{
    return new BoundingBoxDimensions
    {
        X = modelOutput[GetOffset(x, y, channel)],
        Y = modelOutput[GetOffset(x, y, channel + 1)],
        Width = modelOutput[GetOffset(x, y, channel + 2)],
        Height = modelOutput[GetOffset(x, y, channel + 3)]
    };
}

private float GetConfidence(float[] modelOutput, int x, int y, int channel)
{
    return Sigmoid(modelOutput[GetOffset(x, y, channel + 4)]);
}

private CellDimensions MapBoundingBoxToCell(int x, int y, int box, BoundingBoxDimensions boxDimensions)
{
    return new CellDimensions
    {
        X = ((float)x + Sigmoid(boxDimensions.X)) * CELL_WIDTH,
        Y = ((float)y + Sigmoid(boxDimensions.Y)) * CELL_HEIGHT,
        Width = (float)Math.Exp(boxDimensions.Width) * CELL_WIDTH * anchors[box * 2],
        Height = (float)Math.Exp(boxDimensions.Height) * CELL_HEIGHT * anchors[box * 2 + 1],
    };
}

public float[] ExtractClasses(float[] modelOutput, int x, int y, int channel)
{
    float[] predictedClasses = new float[CLASS_COUNT];
    int predictedClassOffset = channel + BOX_INFO_FEATURE_COUNT;
    for (int predictedClass = 0; predictedClass < CLASS_COUNT; predictedClass++)
    {
        predictedClasses[predictedClass] = modelOutput[GetOffset(x, y, predictedClass + predictedClassOffset)];
    }
    return Softmax(predictedClasses);
}

private ValueTuple<int, float> GetTopResult(float[] predictedClasses)
{
    return predictedClasses
        .Select((predictedClass, index) => (Index: index, Value: predictedClass))
        .OrderByDescending(result => result.Value)
        .First();
}

private float IntersectionOverUnion(RectangleF boundingBoxA, RectangleF boundingBoxB)
{
    var areaA = boundingBoxA.Width * boundingBoxA.Height;

    if (areaA <= 0)
        return 0;

    var areaB = boundingBoxB.Width * boundingBoxB.Height;

    if (areaB <= 0)
        return 0;

    var minX = Math.Max(boundingBoxA.Left, boundingBoxB.Left);
    var minY = Math.Max(boundingBoxA.Top, boundingBoxB.Top);
    var maxX = Math.Min(boundingBoxA.Right, boundingBoxB.Right);
    var maxY = Math.Min(boundingBoxA.Bottom, boundingBoxB.Bottom);

    var intersectionArea = Math.Max(maxY - minY, 0) * Math.Max(maxX - minX, 0);

    return intersectionArea / (areaA + areaB - intersectionArea);
}

Once you have defined all of the helper methods, it's time to use them to process the model output.

Below the IntersectionOverUnion method, create the ParseOutputs method to process the output generated by the model.

public IList<YoloBoundingBox> ParseOutputs(float[] yoloModelOutputs, float threshold = .3F)
{

}

Create a list to store your bounding boxes and define variables inside the ParseOutputs method.

var boxes = new List<YoloBoundingBox>();

Each image is divided into a grid of 13 x 13 cells. Each cell contains five bounding boxes. Below the boxes variable, add code to process all of the boxes in each of the cells.

for (int row = 0; row < ROW_COUNT; row++)
{
    for (int column = 0; column < COL_COUNT; column++)
    {
        for (int box = 0; box < BOXES_PER_CELL; box++)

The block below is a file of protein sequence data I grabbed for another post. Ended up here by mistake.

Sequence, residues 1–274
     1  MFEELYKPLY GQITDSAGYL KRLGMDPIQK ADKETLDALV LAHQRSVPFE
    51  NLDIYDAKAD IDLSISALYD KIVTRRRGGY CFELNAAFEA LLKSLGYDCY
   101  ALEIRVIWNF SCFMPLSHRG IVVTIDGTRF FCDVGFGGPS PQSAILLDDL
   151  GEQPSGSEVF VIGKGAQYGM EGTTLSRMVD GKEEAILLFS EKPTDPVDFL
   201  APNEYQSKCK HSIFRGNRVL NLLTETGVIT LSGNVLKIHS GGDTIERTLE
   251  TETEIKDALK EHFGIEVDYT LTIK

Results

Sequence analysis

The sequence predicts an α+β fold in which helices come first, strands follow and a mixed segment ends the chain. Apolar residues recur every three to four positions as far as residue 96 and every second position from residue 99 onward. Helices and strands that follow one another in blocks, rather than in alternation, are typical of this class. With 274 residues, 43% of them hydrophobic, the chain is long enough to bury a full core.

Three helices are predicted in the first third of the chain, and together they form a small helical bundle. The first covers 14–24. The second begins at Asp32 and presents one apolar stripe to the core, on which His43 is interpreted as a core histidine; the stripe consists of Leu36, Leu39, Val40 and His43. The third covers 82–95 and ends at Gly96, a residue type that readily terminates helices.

{

        }
    }
}

Inside the inner-most loop, calculate the starting position of the current box within the one-dimensional model output.

var channel = (box * (CLASS_COUNT + BOX_INFO_FEATURE_COUNT));

Directly below that, use the ExtractBoundingBoxDimensions method to get the dimensions of the current bounding box.

BoundingBoxDimensions boundingBoxDimensions = ExtractBoundingBoxDimensions(yoloModelOutputs, row, column, channel);

Then, use the GetConfidence method to get the confidence for the current bounding box.

float confidence = GetConfidence(yoloModelOutputs, row, column, channel);

After that, use the MapBoundingBoxToCell method to map the current bounding box to the current cell being processed.

CellDimensions mappedBoundingBox = MapBoundingBoxToCell(row, column, box, boundingBoxDimensions);

Before doing any further processing, check whether your confidence value is greater than the threshold provided. If not, process the next bounding box.

if (confidence < threshold)
    continue;

Otherwise, continue processing the output. The next step is to get the probability distribution of the predicted classes for the current bounding box using the ExtractClasses method.

float[] predictedClasses = ExtractClasses(yoloModelOutputs, row, column, channel);

Then, use the GetTopResult method to get the value and index of the class with the highest probability for the current box and compute its score.

var (topResultIndex, topResultScore) = GetTopResult(predictedClasses);
var topScore = topResultScore * confidence;

Use the topScore to once again keep only those bounding boxes that are above the specified threshold.

if (topScore < threshold)
    continue;

Finally, if the current bounding box exceeds the threshold, create a new BoundingBox object and add it to the boxes list.

boxes.Add(new YoloBoundingBox()
{
    Dimensions = new BoundingBoxDimensions
    {
        X = (mappedBoundingBox.X - mappedBoundingBox.Width / 2),
        Y = (mappedBoundingBox.Y - mappedBoundingBox.Height / 2),
        Width = mappedBoundingBox.Width,
        Height = mappedBoundingBox.Height,
    },
    Confidence = topScore,
    Label = labels[topResultIndex],
    BoxColor = classColors[topResultIndex]
});

Once all cells in the image have been processed, return the boxes list. Add the following return statement below the outer-most for-loop in the ParseOutputs method.

return boxes;

Filter overlapping boxes